E-Textile means Electronic Textile. It is also known as smart textile. Electronic textiles are the textile fabrics with electronics and interconnections woven in their structure that enable the integration of electronic functions and attachments. They possess the physical flexibility and size not known in conventional electronics. Components and interconnections are intrinsic to the fabric structure with reduced chance to be seen, tangled together or snagged by the surroundings. Thinking for electronics that can be draped over a vehicle or a tank is achievable using textile fabrics.
Application of Electronic Textiles
The Uses of E Textiles can be divided into two main categories:
- E-textiles with classical electronic devices such as conducting wires, integrated circuits, LEDs, and conventional batteries into garments. This is the common type of e-textile.
- E-textiles with modern electronics directly on the textile fibers. This can include can either passive electronics such as pure wires, conducting textile fibers, or more advanced electronics such as transistors, diodes and solar cells. The field of embedding advanced electronic components onto textile fibers is sometimes called fibertronics.
There are several applications of e-textiles, ranging from healthcare to consumer goods. Here are few we feel play an important role in advancing technology across these industries.
Perhaps, the most well-researched application of e-textiles is medical. Specifically, the monitoring of health conditions. Currently, there are medical wearables that have been invented to monitor several aspects of a person’s health, such as blood pressure, heart rate, and symptoms of disease. Take for example, high blood pressure; several garments have been made with biosensors to collect data on systolic and diastolic blood pressure. This allows the user to easily detect triggers as they go about their day, and report back to their physician so an effective treatment and management plan can be put in place. For health applications, e-textiles often function as either electrodes (which can be used for direct readings like EKG or EMG) or power and data cables, connecting together sensors and power sources.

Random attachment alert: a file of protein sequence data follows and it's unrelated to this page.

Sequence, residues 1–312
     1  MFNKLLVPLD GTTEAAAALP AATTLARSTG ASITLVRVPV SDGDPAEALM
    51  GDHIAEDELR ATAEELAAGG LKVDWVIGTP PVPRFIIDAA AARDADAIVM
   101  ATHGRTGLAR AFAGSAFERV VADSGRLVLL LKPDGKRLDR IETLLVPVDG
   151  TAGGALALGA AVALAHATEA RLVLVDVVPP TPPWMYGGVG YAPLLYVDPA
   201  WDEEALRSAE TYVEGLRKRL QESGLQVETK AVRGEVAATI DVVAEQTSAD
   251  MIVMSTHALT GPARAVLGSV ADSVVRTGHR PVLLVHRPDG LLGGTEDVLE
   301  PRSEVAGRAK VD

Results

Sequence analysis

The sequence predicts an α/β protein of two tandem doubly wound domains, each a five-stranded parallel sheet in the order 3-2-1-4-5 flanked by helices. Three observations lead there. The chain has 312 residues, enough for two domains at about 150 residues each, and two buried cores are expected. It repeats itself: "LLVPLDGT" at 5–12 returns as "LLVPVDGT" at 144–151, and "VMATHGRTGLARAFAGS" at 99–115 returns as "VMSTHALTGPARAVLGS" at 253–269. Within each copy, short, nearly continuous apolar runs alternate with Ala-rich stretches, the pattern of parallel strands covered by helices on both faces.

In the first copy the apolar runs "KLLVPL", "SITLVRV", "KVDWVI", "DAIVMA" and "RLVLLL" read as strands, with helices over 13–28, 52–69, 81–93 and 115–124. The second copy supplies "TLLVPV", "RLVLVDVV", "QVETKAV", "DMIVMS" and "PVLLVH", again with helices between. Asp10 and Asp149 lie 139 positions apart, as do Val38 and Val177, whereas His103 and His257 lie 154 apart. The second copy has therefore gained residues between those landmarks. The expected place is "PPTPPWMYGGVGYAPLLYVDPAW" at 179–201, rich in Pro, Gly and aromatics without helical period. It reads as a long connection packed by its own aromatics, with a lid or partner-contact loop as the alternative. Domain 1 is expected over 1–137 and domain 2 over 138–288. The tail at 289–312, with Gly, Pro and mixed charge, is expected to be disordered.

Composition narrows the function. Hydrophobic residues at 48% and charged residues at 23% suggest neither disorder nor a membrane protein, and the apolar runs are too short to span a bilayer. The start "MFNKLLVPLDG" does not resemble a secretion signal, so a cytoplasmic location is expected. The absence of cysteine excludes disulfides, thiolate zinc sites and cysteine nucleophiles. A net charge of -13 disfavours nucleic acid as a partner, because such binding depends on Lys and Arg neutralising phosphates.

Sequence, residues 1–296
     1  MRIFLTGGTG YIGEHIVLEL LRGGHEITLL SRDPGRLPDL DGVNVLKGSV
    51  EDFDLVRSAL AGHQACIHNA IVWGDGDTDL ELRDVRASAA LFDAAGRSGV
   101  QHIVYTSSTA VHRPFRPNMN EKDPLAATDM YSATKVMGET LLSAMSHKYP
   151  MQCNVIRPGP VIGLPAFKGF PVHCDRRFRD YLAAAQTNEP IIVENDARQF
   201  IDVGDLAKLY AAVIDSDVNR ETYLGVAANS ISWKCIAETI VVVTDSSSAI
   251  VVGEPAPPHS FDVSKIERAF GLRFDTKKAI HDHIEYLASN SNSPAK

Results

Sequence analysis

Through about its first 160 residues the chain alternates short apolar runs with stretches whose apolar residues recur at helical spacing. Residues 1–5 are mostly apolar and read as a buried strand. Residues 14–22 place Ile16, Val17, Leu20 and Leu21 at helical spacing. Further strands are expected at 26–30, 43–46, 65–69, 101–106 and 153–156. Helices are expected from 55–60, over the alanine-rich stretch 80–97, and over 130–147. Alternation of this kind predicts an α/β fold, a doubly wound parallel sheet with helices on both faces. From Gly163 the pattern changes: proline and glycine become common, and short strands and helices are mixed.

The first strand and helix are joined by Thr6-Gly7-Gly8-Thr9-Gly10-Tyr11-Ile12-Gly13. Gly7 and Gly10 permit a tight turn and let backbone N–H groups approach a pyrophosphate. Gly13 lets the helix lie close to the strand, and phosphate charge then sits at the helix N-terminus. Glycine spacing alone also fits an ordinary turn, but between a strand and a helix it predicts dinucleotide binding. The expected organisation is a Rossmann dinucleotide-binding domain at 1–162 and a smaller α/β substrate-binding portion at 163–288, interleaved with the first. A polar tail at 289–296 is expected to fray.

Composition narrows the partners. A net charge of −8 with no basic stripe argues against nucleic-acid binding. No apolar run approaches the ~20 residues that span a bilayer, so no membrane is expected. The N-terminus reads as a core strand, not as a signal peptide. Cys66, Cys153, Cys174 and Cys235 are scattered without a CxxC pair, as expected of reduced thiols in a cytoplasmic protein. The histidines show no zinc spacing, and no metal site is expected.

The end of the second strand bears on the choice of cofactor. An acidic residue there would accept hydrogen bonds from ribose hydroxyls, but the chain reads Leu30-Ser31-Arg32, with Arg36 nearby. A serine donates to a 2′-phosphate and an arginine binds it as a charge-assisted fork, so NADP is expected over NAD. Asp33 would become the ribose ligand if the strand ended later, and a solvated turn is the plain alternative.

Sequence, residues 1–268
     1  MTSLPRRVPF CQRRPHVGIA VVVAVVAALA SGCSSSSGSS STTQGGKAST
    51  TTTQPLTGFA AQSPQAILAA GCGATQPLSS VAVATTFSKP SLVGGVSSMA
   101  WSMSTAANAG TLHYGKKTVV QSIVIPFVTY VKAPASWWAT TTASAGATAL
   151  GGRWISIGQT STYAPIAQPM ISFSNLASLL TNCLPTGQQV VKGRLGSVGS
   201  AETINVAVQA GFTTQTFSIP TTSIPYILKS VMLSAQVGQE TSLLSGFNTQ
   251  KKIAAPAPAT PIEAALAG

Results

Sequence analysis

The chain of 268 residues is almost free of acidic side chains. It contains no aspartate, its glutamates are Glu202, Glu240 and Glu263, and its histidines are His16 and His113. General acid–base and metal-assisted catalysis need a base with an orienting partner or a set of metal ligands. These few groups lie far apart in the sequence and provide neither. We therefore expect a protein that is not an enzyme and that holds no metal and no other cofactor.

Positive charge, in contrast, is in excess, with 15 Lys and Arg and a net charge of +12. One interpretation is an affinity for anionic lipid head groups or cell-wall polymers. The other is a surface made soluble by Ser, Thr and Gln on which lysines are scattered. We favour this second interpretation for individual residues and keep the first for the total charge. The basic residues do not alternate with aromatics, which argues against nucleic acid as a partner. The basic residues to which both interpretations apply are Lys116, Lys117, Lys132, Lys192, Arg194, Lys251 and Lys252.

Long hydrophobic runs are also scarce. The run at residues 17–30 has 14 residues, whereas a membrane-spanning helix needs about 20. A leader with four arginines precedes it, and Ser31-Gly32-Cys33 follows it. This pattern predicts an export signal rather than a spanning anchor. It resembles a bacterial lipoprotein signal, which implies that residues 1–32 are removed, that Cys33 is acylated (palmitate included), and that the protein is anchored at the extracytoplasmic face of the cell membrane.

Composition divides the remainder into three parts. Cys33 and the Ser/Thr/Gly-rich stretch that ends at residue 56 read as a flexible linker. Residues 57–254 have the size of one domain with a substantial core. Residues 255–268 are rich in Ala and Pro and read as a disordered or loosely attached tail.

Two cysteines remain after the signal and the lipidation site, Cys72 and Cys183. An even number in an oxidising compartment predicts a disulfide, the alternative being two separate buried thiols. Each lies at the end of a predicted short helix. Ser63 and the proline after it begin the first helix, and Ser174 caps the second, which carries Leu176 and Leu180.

Occupational safety is another area where e-textiles can provide a great deal of service. One hypothetical use is for construction workers who are working outdoors late at night. LED lights can be affixed to a uniform and automatically turn on when it gets dark outside, improving visibility. However, LEDS are not the only electronic component used for safety applications. According to Euronews, an automatic radio transmitter has been added to a smart outfit worn by fishermen in Norway. The transmitter sends signals to an external system, allowing them to stop a boat and send coordinates to a rescue team in case of an emergency. How incredible is that?
A favorable feature among drivers is heated seats. Who doesn’t like being blanketed in warmth while driving? While it is often a luxury, heated seats and steering wheels are essential for drivers in frigid temperatures. Turns out, you can thank e-textiles for this technology. Our LOOMIA Electronic Layer, in particular, can heat car seats and steering wheels up to 200 degrees Fahrenheit. And, the magic doesn’t stop there. Our soft user interfaces can be used throughout a vehicle’s interior to control a variety of functions to make riders more comfortable, and our LEL can provide cabin lighting that produces a variety of ambient effects for an aesthetically pleasing driving experience.
Several companies are developing garments and accessories made from smart textiles that track and record data based on athletes’ motion. Retisense, for example, developed a ‘smart insole’ for runners to place in their sneakers. The smart insole can help runners improve their form and avoid injury. This invention could prove useful to marathon runners when they are in the midst of training, and are looking for ways to improve their overall performance. When it comes to clothing, companies like Wearable Experiments and Athos have led the way for high performing athletic wear that brings extra functionality to athletes.
New User Interfaces
E-textiles can also be used to get the most out of external devices and media, Jacquard by Google is a perfect example of this. Jacquard is a wearable technology created by Google that has been added to garments and accessories. The capacitive touch grid that acts as a user interface on the jacket is woven directly into the product, and has the ability to answer calls, play music, take photos, and get directions with a simple gesture. And, e-textiles aren’t just making it easier to use devices; they are saving battery power. According to Futurity, a “wireless body sensor network” built into a garment allows devices (such as a smartphone) to transmit data faster; in-turn, improving battery usage.